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如何将C/C++程序转译成Delphi(十一)

发表于2001/7/24 13:34:00  586人阅读

4. Macros

In C it's possible to define macros. Macros are not available in Delphi, so functions must be used to translate C-macros. In most cases it's easier to translate a macro based on the information about it from the documentation than trying to translate the code directly.

One example of a macro:

#define PRIMARYLANGID(lgid) ((WORD )(lgid) & 0x03ff) 

Here, quite clearly, the macro accepts integers. A valid translation of this macro is

Function PRIMARYLANGID (lgid: DWord): DWord;



Begin



  Result := lgid and $03FF



End;

The following macro accepts any datatype as parameter:

#define max(a,b)            (((a) > (b)) ? (a) : (b))

It compares the values of parameter a with parameter b and returns the higher value. So that our function can pass any datatype, we can use variants.

Function Max (A, B: Variant): Variant;



Begin



  If A > B then



    Result := A



  else



    Result := B



End;

I do recommend implementing the Delphi translation on the basis of the macro's documentation.

Sometimes it is not possible to translate macros so that there is a 1:1 correspondence between the C code and the Delphi translation.

For example, some header files use macros in #define statements for declaring constants.

Here is an example from the clusapi header file.

#define CLUSPROP_SYNTAX_VALUE( type, format ) ((DWORD) ((type << 16) | format))

The ensuing declarations use a macro named CLUSTER_PROPERTY_SYNTAX to calculate the values of the constants:

typedef enum CLUSTER_PROPERTY_SYNTAX {



  CLUSPROP_SYNTAX_ENDMARK = CLUSPROP_SYNTAX_VALUE( CLUSPROP_TYPE_ENDMARK, CLUSPROP_FORMAT_UNKNOWN ),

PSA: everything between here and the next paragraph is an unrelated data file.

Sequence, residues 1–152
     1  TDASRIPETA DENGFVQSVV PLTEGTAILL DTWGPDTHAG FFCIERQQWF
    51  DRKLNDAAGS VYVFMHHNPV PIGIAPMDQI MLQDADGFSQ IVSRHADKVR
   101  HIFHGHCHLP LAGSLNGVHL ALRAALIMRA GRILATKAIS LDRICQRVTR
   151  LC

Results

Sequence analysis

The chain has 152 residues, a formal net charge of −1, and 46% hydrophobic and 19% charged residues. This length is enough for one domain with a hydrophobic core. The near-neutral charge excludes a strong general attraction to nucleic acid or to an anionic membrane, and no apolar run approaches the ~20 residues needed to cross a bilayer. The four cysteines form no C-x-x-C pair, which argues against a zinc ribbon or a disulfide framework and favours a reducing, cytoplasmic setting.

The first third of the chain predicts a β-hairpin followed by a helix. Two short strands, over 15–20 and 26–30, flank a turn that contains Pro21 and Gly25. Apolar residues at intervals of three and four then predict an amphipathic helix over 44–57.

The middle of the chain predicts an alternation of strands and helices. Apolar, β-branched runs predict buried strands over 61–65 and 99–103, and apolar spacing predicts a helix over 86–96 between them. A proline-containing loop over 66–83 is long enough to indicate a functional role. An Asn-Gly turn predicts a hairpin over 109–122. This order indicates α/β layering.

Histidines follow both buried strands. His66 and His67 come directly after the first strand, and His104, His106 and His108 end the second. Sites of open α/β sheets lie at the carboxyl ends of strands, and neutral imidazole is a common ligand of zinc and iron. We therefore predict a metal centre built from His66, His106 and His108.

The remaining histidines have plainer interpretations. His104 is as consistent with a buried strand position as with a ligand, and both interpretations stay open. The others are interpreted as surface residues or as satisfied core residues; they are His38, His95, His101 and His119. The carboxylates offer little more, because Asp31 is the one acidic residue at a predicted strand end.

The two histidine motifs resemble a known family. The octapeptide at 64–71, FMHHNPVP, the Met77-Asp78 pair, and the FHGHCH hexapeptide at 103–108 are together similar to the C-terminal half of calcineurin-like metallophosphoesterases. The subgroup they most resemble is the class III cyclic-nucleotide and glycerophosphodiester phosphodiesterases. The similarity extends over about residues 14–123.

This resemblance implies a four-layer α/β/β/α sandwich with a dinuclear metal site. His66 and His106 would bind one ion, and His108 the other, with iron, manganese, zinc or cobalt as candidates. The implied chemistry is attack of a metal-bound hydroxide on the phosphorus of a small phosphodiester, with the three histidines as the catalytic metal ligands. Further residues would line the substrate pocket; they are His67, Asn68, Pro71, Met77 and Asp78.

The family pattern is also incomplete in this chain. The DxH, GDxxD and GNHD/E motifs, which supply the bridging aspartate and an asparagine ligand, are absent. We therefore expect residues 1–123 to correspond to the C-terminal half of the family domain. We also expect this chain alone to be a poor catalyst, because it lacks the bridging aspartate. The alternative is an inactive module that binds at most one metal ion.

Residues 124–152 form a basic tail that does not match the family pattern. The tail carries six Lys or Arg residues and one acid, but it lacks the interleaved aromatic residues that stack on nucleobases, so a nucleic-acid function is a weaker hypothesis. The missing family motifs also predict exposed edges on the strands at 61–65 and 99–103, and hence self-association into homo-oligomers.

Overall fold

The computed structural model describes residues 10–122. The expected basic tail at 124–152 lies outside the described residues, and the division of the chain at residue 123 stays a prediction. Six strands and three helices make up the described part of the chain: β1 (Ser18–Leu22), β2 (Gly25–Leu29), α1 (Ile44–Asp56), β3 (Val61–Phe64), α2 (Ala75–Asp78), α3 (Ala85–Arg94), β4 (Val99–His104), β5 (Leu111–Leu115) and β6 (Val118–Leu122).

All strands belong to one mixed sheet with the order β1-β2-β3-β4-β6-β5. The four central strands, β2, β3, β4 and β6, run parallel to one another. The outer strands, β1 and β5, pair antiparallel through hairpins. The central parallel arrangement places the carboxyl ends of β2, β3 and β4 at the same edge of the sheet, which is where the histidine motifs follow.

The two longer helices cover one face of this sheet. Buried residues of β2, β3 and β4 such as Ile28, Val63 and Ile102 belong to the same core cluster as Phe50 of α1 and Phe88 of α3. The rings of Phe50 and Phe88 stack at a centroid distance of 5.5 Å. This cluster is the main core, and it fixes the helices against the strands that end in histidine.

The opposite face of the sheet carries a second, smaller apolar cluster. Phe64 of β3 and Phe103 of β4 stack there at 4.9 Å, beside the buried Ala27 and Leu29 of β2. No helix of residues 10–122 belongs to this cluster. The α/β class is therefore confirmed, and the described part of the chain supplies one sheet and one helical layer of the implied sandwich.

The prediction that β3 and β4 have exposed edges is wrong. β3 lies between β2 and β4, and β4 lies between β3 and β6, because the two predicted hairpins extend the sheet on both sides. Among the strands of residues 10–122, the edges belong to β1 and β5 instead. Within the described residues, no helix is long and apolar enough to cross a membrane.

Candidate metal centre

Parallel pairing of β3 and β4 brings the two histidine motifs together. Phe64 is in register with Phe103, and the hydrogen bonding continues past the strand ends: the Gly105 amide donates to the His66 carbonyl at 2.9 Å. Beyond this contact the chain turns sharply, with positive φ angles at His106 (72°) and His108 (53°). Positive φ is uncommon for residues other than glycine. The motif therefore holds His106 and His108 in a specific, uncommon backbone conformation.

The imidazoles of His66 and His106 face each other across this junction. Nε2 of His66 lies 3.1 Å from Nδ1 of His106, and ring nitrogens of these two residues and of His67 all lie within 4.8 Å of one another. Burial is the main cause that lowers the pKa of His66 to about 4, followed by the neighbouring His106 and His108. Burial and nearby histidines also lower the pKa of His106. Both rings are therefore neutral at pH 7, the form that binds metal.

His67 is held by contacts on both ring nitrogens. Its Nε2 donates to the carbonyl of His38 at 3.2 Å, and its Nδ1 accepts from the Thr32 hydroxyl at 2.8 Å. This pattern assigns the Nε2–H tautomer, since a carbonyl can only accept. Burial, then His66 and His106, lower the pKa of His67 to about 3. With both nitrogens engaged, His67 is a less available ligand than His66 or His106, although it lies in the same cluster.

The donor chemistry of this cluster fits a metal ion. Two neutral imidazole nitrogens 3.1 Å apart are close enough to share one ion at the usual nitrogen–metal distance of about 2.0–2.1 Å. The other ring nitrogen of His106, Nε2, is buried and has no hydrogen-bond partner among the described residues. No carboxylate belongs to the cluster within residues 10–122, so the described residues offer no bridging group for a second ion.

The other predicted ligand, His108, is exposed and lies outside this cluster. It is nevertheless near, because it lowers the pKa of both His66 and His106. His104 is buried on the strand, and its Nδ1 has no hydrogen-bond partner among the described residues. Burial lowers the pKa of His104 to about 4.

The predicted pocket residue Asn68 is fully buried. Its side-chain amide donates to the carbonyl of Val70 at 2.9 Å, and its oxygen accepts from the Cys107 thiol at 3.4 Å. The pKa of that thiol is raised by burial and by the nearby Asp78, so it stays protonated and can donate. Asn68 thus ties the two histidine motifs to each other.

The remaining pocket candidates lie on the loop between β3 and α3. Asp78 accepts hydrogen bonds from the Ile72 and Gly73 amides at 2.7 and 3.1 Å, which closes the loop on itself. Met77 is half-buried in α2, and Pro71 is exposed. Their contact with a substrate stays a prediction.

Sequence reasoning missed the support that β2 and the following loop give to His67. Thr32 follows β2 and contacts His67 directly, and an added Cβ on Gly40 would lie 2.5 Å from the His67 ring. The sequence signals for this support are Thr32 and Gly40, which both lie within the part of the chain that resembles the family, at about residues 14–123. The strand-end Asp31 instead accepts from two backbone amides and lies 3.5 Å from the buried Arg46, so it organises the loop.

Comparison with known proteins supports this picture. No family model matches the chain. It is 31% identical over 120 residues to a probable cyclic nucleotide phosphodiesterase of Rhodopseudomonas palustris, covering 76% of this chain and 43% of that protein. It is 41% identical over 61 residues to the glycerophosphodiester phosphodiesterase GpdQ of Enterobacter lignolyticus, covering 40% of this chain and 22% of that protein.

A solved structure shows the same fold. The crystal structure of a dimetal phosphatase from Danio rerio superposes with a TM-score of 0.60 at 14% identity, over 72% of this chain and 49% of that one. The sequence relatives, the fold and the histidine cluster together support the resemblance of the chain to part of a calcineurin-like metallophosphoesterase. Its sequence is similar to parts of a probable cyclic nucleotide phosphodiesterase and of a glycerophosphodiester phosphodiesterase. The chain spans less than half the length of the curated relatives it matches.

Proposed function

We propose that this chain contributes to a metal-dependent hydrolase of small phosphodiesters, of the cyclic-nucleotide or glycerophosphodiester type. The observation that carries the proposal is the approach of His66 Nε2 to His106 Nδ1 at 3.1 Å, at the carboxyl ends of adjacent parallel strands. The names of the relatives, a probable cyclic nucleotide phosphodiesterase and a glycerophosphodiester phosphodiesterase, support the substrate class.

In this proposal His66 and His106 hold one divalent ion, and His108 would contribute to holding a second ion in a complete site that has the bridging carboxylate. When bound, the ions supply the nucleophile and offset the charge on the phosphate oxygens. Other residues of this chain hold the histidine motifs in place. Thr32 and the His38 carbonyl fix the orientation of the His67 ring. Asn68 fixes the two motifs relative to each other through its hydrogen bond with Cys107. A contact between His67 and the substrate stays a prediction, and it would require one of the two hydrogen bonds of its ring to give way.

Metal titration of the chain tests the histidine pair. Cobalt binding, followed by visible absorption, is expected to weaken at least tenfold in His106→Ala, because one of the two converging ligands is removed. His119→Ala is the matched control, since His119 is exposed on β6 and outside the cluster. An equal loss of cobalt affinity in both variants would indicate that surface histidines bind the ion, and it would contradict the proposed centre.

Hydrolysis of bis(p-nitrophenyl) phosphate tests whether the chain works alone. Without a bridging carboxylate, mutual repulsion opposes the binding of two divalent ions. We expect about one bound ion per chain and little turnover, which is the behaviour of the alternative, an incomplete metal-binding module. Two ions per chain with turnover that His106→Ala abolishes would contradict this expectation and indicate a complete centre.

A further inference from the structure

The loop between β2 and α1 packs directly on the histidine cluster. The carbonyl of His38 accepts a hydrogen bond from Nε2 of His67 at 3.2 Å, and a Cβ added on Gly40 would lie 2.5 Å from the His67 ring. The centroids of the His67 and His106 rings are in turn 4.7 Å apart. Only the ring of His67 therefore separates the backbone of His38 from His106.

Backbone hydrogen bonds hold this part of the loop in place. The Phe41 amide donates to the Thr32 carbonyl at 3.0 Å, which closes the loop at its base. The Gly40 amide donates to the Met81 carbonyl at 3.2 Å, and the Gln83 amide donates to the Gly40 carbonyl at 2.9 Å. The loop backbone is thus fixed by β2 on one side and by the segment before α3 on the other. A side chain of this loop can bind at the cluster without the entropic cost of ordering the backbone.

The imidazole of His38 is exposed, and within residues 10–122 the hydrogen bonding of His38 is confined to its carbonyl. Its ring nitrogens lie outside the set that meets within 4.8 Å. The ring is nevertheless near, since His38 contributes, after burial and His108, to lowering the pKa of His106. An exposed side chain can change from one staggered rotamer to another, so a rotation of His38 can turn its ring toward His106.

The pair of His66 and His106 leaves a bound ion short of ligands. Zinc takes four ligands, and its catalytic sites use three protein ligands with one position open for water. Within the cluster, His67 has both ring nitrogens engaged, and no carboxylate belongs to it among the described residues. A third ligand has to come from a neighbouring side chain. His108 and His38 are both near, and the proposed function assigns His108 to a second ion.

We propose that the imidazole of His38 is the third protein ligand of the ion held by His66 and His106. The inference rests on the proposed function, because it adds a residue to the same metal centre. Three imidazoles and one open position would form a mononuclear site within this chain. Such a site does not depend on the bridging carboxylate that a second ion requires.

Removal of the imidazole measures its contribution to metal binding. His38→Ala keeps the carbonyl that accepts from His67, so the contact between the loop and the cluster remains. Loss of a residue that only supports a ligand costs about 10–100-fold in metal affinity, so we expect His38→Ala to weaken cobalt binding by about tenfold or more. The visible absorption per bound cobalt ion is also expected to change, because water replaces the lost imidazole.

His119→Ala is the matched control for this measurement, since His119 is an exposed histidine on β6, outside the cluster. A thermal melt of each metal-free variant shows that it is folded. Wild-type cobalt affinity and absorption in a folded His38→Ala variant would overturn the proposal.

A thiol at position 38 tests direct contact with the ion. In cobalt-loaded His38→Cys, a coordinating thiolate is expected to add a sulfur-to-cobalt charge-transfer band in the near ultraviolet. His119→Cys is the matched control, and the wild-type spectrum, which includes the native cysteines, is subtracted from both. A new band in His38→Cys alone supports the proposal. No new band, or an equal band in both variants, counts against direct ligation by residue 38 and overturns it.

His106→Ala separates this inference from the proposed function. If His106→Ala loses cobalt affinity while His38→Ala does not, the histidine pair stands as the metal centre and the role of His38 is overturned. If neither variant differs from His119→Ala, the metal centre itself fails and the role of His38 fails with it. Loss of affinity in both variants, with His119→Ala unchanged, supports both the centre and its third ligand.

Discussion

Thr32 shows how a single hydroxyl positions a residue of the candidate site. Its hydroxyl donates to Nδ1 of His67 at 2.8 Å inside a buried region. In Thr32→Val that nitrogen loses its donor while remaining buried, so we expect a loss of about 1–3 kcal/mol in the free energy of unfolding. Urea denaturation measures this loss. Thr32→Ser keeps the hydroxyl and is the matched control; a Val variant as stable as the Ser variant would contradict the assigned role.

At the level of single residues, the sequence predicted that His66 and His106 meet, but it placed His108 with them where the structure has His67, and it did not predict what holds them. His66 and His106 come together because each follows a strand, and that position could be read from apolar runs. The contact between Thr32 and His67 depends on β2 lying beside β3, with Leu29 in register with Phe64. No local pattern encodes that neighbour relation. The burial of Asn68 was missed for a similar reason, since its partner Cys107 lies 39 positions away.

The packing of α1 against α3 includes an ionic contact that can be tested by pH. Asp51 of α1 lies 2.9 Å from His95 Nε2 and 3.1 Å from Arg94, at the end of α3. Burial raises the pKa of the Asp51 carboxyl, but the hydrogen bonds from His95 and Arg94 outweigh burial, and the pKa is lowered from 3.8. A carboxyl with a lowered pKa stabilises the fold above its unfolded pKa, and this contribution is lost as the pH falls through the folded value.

CLUSPROP_SYNTAX_NAME  = CLUSPROP_SYNTAX_VALUE( CLUSPROP_TYPE_NAME, CLUSPROP_FORMAT_SZ ),

    CLUSPROP_SYNTAX_RESCLASS = CLUSPROP_SYNTAX_VALUE( CLUSPROP_TYPE_RESCLASS, CLUSPROP_FORMAT_DWORD ),

We cannot do it like this in Delphi and, besides, Delphi does not allow the value of an enumeration entry to be assigned. The macro must be resolved in order to do the translation to Delphi.

We can translate the #define statement into the following Delphi function:

Function CLUSPROP_SYNTAX_VALUE (dwType: DWORD; dwFormat: DWORD): DWORD;

Begin

  Result := (dwType shl 16) or dwFormat;

End;

However, function calls are not possible in constant declarations. To resolve that, we declare the constants as follows, without wrapping them together as the C macro抯 enumeration has done:

CONST 

  CLUSPROP_SYNTAX_ENDMARK = CLUSPROP_TYPE_ENDMARK shl 16 or CLUSPROP_FORMAT_UNKNOWN;

  CLUSPROP_SYNTAX_NAME  = CLUSPROP_TYPE_NAME shl 16 or CLUSPROP_FORMAT_SZ;

  CLUSPROP_SYNTAX_RESCLASS = CLUSPROP_TYPE_RESCLASS shl 16 or CLUSPROP_FORMAT_DWORD;

Actually, this is a case where I would recommend translating the macro as a whole into a function, as it might be useful to make it available to applications.


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